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Helma Wehl * 1907
Haynstraße 5 (Hamburg-Nord, Eppendorf)
1944 weiterdeportiert nach Stutthof
Helma Wehl, b. 11.27.1907 in Einbeck, deported to Riga on 12.6.1941, deported again on 10.1.1944 to the Stuffhof concentration camp
Helma’s father, Hermann Wehl, was the owner of a so-called Hamburg big store at Marktstrasse 11 in Einbeck, where he sold men’s and boy’s clothing, as well as shoes. Helma is said to have attended middle school and the higher secondary girls’ school. After a "year’s training” she completed her instruction in business in the parental store and afterwards worked there as a clerk. The building no longer exists.
Because of repressive measues (the SA-boycott and public slander), the firm had to close on 2 October 1936. The Goldschmidt brothers, also Jews, who had run their father’s store at Marktstrasse 21, which dealt in men’s wear and shoes, opened a successor business of a similar sort at 11 Marktstrasse. They were victims of the pogrom of November 9–10, 1938 and were quasi-expropriated – that is, the store went to an "Aryan” successor.
Helma’s younger sister Erika (b. 1911) had moved to Hamburg in 1936, probably to prepare for the settlement of her family there, in the birth city of her father, Hermann Wehl. Helma came in October 1936, along with her parents, and found a position in the Caspari Shoe House at Grindelallee 65. At first, she lived at Grindelallee 29, later until October 1939, at Werderstrasse 7, and finally, for just two years, at Haynstrasse 5 on the second floor, where Arno Glassmann and Iwan van der Walde (see their biographical entries) also lived. Her last address, since July 1941, was at Agathenstrasse 3, a "Jew house.”
In the summer of 1938, Helma’s boss also had to close his business. Afterwards, Helma struggled to get by as a domestic worker. This was the occupational label noted on her deportation list. On 6 December 1941, she along with 753 other Hamburg fellow-sufferers embarked on the trip to Riga. She seemed to have survived the terror there for three years, because in the summer of 1944 she was transferred to the Stutthof concentration camp near Danzig. She arrived on 1 October whereupon all further trace of her was lost.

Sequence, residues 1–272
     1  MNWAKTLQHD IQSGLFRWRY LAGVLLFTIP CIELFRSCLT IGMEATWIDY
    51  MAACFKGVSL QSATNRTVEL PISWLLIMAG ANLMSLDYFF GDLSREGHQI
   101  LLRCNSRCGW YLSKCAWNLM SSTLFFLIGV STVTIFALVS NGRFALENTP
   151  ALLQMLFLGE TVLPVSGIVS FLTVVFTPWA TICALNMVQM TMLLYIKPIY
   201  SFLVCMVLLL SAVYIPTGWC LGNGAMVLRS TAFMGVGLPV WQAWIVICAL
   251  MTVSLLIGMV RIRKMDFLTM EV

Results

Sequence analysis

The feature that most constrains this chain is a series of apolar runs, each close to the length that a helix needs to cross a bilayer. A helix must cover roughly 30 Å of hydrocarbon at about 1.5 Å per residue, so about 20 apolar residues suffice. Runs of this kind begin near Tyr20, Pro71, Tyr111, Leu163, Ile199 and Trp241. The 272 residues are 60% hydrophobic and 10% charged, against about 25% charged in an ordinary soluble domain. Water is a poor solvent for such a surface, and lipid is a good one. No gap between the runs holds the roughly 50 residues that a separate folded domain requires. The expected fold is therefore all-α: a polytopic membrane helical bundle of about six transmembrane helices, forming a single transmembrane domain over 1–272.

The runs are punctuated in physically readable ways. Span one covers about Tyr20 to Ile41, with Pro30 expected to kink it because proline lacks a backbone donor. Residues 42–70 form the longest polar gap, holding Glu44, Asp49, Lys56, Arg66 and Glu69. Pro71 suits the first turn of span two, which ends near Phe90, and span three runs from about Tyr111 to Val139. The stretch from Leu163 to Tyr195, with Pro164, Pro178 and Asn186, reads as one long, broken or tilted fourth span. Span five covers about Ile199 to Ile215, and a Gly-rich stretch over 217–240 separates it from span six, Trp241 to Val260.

Helma’s father, Hermann Wehl, was born in Hamburg on 28 August 1873. He attended the Talmud Torah school there. His training in business was completed in Harburg. In November 1905, he married Johanna (Hannchen) Dollefeld (b. 23 October 1869) in Hamburg. He made himself independent in the next year in Einbeck. The family likely belonged to the Jewish Congregation there. Hermann Wehl was a member of the local chapter of the Centralverein deutscher Staatsbürger jüdischen Glaubens [Central Association of German Citizens of Jewish Faith]. The synagogue was set on fire on 9 November 1938. Whether Jews remaining there continued to hold divine services privately is not known. After 1939, there were not enough men left in Einbeck to constitute a minyan. The last synagogue Schammes [servant] committed suicide in 1941.
Hermann Wehl is represented in two photos of the Einbeck "Young Germany Bowling Club.” He was a slightly built man – thoroughly loved, as contemporaries confirm. Helma Wehl’s parents were on the same 15 July 1942 transport to Theresienstadt as Zusanne Silber, the married couple Behrend, Kurt Silberstein, and Henriette Meidner (see their biographical entries).
On 21 September 1942, Hermann Wehl was transported to the Treblinka extermination camp and murdered. Five days before this, Johanna Wehl died in the Theresienstadt ghetto after just 2 months.
Helma’s younger sister, Erika, succeeded in her timely flight from Germany, emigrating to the USA in August 1938.
Translator: Richard Levy
Kindly supported by the Hermann Reemtsma Stiftung, Hamburg.
Stand: May 2019
© Sabine Brunotte
Quellen: 1; 4; 6; AfW 240111 Sweet,Erika; StaH 522-1 Jüd. Gemeinden, 992e2 Band 3; Auskunft Dr. Elke Heege, Stadtmuseum und Stadtarchiv Einbeck, E-Mail vom 16.7.2009; schriftl. Auskunft Dr. Elke Heege vom 20.07.2009; Bertram/Gerdes, Verloren, Elke Heege (Hrsg.), 1998.
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